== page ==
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I'd like my FreeBSD port --The test has some value for us because it checks an edge case we're concerned about, and we've gotten used to understanding on our own machines whether the failure is an issue or not. It was a tough case to mimic, which is why there are some intermittent failures. But you have a good point here.
http://www.freshports.org/java/berkeley-db -- to run
these tests automatically after building, so that the
user can be sure, her/his development platform is
While we'll leave it in the code base, we'll take it out of the default test target in the build file in the next patch release, and we'll put it into one of our meant-for-internal-use test targets. In the meantime, would it work for you to manually remove that specific test from your port?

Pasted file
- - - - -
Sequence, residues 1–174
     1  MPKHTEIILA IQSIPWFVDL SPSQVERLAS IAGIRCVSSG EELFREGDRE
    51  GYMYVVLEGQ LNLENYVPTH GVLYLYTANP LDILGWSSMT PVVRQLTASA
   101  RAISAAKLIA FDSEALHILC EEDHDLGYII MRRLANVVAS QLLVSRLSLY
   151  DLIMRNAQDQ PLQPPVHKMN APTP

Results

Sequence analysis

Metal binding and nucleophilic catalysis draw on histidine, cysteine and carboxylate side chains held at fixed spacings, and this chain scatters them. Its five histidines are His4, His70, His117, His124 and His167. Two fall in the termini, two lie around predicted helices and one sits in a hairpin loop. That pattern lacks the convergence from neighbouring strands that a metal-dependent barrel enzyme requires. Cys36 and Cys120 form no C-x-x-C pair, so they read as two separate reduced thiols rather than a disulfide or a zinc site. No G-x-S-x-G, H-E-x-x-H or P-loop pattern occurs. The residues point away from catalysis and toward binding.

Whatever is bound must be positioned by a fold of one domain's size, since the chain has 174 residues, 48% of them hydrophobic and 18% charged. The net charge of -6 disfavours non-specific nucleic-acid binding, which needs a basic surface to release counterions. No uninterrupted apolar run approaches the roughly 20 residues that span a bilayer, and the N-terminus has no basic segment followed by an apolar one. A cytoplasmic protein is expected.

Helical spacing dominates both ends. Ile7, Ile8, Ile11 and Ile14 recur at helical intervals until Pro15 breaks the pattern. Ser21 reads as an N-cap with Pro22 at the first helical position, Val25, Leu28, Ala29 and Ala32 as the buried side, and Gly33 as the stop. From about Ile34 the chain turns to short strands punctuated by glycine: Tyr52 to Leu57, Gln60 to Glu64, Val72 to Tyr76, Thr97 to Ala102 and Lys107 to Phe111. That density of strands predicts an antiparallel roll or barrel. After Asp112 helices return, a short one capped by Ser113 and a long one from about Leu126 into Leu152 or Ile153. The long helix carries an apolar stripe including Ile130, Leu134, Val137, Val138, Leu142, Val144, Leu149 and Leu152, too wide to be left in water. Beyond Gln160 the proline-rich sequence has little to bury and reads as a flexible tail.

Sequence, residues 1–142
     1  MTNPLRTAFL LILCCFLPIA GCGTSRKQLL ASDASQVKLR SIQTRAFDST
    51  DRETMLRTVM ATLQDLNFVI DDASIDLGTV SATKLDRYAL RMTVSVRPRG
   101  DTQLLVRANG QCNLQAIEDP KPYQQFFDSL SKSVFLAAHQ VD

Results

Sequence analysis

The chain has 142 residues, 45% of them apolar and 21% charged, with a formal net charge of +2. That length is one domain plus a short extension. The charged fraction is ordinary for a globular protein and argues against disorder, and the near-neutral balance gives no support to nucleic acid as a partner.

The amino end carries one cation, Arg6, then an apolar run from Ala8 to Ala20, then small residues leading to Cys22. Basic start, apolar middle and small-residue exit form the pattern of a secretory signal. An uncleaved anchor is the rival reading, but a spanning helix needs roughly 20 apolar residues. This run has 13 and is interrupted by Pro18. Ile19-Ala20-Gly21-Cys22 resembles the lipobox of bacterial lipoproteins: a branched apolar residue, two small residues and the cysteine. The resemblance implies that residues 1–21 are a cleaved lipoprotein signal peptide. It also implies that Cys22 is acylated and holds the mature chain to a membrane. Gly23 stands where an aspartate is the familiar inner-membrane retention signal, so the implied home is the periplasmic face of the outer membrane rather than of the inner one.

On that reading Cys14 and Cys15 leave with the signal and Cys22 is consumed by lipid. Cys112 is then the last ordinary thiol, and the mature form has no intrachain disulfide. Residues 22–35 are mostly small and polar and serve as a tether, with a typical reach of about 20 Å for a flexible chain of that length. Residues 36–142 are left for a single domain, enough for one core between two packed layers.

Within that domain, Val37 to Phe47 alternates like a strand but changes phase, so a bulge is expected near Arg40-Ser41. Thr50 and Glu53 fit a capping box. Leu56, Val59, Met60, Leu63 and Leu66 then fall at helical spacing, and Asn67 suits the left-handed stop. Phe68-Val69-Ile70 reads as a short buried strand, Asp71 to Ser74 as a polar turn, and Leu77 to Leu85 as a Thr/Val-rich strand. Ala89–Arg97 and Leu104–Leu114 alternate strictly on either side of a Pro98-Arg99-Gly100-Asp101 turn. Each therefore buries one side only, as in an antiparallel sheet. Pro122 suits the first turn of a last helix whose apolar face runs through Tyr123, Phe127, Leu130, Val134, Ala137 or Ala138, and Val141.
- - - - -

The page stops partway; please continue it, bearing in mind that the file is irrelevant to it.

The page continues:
The test has some value for us because it checks an edge case we're concerned aboutCould it, maybe, just report the value without making a judgement on whether it is a failure or not?
In the meantime, would it work for you to manually remove that specific test from your port?Yes, it would -- how can I do that?
Could it, maybe, just report the value without makingYes, that's a good option too. I'll look at our internal test targets and figure out which one is better -- moving that test case or changing the assertion to a warning.
a judgement on whether it is a failure or not?
That particular file, com.sleepycat.je.recovery.CheckpointActivationTest.java, has two test cases. You could choose to edit the file and delete the problematic case (testLogSizeBasedCheckpoint) by literally removing the method, or you could rely on the fact that junit identifies test cases by naming convention. In other words, you could simply edit the file to rename the method testLogSizeBasedCheckpoint to something that doesn't start with the prefix "test", like "disabledTestLogSizeBasedCheckpoint" and junit will no longer run that test.